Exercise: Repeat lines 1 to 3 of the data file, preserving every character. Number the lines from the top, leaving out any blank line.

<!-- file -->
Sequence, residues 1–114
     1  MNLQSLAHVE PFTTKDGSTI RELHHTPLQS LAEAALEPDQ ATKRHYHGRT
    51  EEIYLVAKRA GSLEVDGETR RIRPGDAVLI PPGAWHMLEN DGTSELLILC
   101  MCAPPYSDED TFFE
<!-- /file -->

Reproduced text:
Sequence, residues 1–114
     1  MNLQSLAHVE PFTTKDGSTI RELHHTPLQS LAEAALEPDQ ATKRHYHGRT
    51  EEIYLVAKRA GSLEVDGETR RIRPGDAVLI PPGAWHMLEN DGTSELLILC